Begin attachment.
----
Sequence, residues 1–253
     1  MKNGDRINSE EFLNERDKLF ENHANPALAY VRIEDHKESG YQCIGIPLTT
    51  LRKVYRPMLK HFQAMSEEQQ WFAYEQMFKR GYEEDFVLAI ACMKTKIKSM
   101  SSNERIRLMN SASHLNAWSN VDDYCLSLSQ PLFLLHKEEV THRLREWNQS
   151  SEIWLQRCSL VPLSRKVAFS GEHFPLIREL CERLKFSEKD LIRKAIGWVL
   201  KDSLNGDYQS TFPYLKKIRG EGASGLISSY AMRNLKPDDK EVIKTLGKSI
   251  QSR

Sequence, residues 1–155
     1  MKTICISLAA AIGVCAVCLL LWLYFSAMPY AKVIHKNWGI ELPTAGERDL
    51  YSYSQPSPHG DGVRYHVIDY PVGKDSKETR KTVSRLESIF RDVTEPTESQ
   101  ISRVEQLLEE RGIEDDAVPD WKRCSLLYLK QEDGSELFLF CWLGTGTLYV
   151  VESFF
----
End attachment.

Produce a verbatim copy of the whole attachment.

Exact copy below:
Sequence, residues 1–253
     1  MKNGDRINSE EFLNERDKLF ENHANPALAY VRIEDHKESG YQCIGIPLTT
    51  LRKVYRPMLK HFQAMSEEQQ WFAYEQMFKR GYEEDFVLAI ACMKTKIKSM
   101  SSNERIRLMN SASHLNAWSN VDDYCLSLSQ PLFLLHKEEV THRLREWNQS
   151  SEIWLQRCSL VPLSRKVAFS GEHFPLIREL CERLKFSEKD LIRKAIGWVL
   201  KDSLNGDYQS TFPYLKKIRG EGASGLISSY AMRNLKPDDK EVIKTLGKSI
   251  QSR

Sequence, residues 1–155
     1  MKTICISLAA AIGVCAVCLL LWLYFSAMPY AKVIHKNWGI ELPTAGERDL
    51  YSYSQPSPHG DGVRYHVIDY PVGKDSKETR KTVSRLESIF RDVTEPTESQ
   101  ISRVEQLLEE RGIEDDAVPD WKRCSLLYLK QEDGSELFLF CWLGTGTLYV
   151  VESFF